In the previous exercise, we’ve supplied our instances’ properties with default values. However, if we know that our struct instances vary a lot from one to another, we can include an init() method for customization. The following syntax is used for an init() method:

struct SampleStruct {
  var structProperty: Type
  init (structProperty: Type) {
     self.structProperty = structProperty

Since methods are essentially functions specific to a type (in this case, the type is a structure), the syntax looks a lot like functions. The init() method is special since it doesn’t require the func keyword and gets called upon instance creation. Like functions, methods can have parameters but don’t need to have any. Another unique feature is that the init() method uses the self keyword to reference itself. Let’s see init() in action:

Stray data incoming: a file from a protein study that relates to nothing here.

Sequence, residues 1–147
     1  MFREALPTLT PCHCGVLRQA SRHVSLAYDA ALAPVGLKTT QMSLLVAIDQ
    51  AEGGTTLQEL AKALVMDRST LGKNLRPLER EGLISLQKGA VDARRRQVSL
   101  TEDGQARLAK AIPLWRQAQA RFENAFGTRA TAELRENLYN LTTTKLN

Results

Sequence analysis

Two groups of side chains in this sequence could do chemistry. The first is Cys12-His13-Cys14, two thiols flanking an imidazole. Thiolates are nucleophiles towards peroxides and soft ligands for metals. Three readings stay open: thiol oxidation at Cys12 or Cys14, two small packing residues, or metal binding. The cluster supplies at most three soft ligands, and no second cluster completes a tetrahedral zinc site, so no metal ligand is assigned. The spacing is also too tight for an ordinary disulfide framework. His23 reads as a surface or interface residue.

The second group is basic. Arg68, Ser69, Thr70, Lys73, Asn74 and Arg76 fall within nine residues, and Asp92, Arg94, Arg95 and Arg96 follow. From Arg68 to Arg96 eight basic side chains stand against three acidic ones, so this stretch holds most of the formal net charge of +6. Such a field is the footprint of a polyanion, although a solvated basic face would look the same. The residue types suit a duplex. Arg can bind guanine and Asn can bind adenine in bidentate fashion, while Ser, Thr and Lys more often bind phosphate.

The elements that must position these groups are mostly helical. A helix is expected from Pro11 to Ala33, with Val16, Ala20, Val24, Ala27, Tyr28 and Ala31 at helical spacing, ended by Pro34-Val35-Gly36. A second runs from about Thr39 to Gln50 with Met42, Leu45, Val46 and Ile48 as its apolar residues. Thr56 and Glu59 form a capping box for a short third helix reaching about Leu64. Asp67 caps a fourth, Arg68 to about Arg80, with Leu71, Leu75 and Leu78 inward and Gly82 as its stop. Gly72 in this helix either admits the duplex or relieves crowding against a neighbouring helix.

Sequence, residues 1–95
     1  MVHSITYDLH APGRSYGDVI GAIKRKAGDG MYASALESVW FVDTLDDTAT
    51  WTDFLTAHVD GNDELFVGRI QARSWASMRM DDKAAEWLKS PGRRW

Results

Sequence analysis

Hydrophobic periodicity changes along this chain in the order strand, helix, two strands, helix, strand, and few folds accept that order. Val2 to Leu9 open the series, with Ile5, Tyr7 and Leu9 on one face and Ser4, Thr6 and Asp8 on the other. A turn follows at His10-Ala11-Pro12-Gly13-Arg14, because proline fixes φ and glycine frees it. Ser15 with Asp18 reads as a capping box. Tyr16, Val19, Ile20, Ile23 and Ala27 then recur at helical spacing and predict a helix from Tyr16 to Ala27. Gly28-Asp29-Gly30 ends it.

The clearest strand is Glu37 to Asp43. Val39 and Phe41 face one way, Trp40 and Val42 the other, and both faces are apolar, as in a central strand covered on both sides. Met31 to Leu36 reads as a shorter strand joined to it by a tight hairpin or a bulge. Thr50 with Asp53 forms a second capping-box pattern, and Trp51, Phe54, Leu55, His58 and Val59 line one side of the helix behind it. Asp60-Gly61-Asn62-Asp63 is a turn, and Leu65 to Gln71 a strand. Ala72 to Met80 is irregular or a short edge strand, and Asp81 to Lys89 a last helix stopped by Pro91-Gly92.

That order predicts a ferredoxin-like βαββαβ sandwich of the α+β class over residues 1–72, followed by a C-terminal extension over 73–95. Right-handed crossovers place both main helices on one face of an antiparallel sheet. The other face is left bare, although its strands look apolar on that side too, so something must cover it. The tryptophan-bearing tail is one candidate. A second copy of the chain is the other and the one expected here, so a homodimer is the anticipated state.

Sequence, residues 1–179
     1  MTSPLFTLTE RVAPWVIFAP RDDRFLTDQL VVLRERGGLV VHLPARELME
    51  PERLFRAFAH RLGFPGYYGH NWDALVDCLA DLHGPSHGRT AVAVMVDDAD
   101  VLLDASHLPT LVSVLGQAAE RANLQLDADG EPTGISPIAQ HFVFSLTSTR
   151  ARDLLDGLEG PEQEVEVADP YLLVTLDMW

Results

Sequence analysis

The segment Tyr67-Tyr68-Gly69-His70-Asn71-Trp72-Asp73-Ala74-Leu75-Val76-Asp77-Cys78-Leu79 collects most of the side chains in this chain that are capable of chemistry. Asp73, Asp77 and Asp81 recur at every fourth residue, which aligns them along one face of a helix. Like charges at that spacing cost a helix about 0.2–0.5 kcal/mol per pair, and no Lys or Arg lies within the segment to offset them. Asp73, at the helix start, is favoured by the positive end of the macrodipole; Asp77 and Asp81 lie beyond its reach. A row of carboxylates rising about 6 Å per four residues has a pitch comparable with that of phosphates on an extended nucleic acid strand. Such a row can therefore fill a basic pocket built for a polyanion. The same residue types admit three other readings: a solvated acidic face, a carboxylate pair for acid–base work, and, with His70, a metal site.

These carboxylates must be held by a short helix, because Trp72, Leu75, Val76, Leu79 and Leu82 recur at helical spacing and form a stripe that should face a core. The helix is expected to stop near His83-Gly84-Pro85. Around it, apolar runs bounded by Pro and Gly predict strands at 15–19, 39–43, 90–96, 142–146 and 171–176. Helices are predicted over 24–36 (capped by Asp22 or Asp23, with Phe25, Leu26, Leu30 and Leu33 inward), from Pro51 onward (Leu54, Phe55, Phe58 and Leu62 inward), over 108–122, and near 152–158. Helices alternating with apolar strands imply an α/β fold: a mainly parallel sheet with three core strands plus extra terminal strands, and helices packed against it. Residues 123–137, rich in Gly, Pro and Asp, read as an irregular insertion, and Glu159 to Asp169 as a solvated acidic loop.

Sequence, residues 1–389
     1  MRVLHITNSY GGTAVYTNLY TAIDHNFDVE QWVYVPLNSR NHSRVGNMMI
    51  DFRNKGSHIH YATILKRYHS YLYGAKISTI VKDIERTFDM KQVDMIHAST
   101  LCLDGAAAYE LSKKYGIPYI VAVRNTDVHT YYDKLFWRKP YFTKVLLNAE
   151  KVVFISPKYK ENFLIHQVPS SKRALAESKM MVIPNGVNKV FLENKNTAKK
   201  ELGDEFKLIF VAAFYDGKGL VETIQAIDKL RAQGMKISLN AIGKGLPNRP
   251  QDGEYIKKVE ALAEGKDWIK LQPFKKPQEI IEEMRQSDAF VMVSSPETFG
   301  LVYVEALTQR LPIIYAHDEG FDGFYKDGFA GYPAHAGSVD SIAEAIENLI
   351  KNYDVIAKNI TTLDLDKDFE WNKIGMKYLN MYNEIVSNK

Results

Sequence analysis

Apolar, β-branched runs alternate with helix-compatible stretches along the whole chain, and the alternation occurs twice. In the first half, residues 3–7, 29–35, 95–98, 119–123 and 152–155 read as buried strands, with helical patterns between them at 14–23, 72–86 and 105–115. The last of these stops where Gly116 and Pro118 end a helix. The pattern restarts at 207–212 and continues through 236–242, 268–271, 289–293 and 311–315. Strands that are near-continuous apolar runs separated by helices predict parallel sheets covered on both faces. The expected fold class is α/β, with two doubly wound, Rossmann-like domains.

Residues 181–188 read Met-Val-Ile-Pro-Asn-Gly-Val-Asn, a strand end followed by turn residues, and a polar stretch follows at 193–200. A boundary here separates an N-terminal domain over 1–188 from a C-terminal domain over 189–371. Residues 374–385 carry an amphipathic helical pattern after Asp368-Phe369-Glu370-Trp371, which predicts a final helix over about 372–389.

struct Dog { var age : Int var isGood : Bool init (age: Int, isGood: Bool) { self.age = age self.isGood = isGood } } // Using the init() method: var bucket = Dog(age: 4, isGood: true) print(bucket.age) // Prints: 4 print(bucket.isGood) // Prints: true

In Dog‘s init() method, we set parameters for Dog‘s properties. Inside the method, we assign self.age and self.isGood their respective values. When we create bucket, an instance of Dog, we have to pass into the parentheses the arguments needed to assign values to bucket‘s properties. From our print() statements we’ve confirmed that bucket‘s properties were assigned correctly.



In the Book struct, create an init() method that has two parameters:

  • title that is type String.
  • pages that is type Int.

Create an instance of a Book named theHobbit with the values title: "The Hobbit" and pages: 300.

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